Part of this parenting journey is realizing that one size doesn’t fit all - all children are different, we are all different, each day is different and each scenario is different, therefore we should not have any expectations on how we control each situation that arises.

As parents, we need to let go of having a set outcome and just go with the flow as anything could happen. This doesn’t not mean giving your child a free pass with whatever they say and do or treating you disrespectfully, but can you recognize that we cannot script the day and that we need to improvise how we deal with the outcome rather than trying to change the situation.

This doesn’t mean that we always like what is said and done, but we accept what has happened and then make a wise choice on how to move forward

In every moment we have a choice…but what are the things we can and not control.

We cannot control what always comes out of our children’s mouths, but we can control how we deal with it. We cannot control when our children lose their sh*t but we can control we how we deal with it, we cannot control our children’s emotions but we can control with how we help and support them through their big emotions. When you try to control everything you enjoy nothing, sometimes you just need to relax, breathe, let go and live in the moment.

When we have given ourselves some self-care we are in a better head space to be in the moment and handle each situation with more kindness and compassion.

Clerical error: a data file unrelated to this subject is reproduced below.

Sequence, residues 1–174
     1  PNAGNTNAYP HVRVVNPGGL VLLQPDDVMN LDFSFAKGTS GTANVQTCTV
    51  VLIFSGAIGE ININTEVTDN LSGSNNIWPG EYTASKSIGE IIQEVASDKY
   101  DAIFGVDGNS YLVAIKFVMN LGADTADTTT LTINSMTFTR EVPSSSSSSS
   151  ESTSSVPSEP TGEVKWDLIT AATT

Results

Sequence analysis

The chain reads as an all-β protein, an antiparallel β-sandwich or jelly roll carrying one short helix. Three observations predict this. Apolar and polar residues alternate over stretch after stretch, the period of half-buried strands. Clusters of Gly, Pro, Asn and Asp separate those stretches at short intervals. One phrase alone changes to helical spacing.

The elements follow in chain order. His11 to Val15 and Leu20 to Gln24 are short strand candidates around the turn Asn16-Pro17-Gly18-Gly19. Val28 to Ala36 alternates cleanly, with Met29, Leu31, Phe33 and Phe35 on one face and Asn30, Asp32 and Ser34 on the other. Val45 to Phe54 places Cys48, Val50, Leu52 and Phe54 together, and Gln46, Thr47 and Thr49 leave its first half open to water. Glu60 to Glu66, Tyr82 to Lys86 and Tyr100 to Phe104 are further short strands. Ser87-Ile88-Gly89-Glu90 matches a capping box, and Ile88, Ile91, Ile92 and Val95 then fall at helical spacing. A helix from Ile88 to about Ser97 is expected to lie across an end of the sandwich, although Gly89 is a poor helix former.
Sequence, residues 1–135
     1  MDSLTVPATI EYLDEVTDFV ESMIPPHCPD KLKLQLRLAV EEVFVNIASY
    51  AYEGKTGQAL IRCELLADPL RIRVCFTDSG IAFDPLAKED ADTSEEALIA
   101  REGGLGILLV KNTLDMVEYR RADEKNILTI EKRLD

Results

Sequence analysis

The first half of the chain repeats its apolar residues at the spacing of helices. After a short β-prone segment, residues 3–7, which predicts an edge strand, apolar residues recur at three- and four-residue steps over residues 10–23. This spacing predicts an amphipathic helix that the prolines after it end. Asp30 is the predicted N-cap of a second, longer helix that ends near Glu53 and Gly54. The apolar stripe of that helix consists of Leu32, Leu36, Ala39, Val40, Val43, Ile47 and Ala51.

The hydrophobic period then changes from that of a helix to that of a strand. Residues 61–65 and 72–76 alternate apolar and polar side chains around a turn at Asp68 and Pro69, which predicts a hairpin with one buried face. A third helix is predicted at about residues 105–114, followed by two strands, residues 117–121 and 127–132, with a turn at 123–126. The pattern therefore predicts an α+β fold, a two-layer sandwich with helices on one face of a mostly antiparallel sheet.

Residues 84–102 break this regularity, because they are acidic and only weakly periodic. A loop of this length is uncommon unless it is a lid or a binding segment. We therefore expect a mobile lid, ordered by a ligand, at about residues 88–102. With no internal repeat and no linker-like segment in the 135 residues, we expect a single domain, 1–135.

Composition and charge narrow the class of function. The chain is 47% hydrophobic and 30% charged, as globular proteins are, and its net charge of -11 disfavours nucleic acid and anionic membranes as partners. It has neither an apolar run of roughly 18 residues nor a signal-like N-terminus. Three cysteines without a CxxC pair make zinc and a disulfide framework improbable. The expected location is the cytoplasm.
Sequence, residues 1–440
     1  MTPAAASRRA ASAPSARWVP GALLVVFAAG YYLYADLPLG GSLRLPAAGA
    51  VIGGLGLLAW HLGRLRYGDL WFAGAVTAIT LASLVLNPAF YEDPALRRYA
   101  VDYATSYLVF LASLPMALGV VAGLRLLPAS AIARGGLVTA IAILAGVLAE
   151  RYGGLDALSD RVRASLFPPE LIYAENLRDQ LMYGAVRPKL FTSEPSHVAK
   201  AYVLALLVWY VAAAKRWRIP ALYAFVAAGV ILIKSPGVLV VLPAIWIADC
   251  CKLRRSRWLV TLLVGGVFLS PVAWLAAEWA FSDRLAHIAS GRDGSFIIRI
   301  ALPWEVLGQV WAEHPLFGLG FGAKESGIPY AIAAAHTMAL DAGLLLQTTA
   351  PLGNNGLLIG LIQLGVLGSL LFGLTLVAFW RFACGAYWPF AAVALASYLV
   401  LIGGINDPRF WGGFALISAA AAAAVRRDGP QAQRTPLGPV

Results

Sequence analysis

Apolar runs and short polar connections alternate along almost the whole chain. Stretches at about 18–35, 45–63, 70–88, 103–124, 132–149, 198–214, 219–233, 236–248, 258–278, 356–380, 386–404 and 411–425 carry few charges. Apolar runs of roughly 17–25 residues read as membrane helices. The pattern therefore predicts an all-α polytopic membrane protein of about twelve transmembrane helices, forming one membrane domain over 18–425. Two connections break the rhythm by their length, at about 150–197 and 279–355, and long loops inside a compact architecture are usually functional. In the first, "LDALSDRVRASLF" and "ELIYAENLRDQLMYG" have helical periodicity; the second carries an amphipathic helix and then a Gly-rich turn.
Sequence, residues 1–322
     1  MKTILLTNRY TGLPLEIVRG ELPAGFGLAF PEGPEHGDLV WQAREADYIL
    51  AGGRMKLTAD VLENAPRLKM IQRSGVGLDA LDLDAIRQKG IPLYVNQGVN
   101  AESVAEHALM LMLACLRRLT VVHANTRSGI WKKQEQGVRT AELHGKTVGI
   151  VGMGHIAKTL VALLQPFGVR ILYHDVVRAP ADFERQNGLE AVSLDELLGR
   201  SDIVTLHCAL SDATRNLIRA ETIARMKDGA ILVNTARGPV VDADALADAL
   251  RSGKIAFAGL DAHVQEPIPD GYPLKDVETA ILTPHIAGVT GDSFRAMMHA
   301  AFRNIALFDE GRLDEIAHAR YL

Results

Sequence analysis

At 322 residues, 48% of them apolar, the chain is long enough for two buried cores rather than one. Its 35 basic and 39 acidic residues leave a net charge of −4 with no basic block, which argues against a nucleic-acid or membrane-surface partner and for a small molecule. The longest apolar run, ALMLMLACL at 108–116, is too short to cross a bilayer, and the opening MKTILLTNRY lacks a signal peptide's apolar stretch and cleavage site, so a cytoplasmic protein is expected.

4. Get out and about

As much as mindfulness is about being in the moment, it doesn’t mean we can’t plan – especially with 6 weeks of summer hols on the horizon. To enjoy the 6 intense weeks, it’s important to get out and about as much as possible. When we are all stuck in the house, we start to get cabin fever, children start to fight more, boredom kicks in and nobody knows what to do except wind each other up. Even half an hour outside the house makes all the difference. Get outside in nature, to the park, woods, beach, forest, let the kids feel free, get their bodies moving with fun and play.

Research shows many benefits to being outside in nature. Just breathing in fresh clean air, taking deep breaths, getting the oxygen flowing and boosting our cells, strengthening and cleansing us. Within just minutes of being surrounds by trees, green space or near the sea, your blood pressure drops, your heart rate slows and your stress levels come down.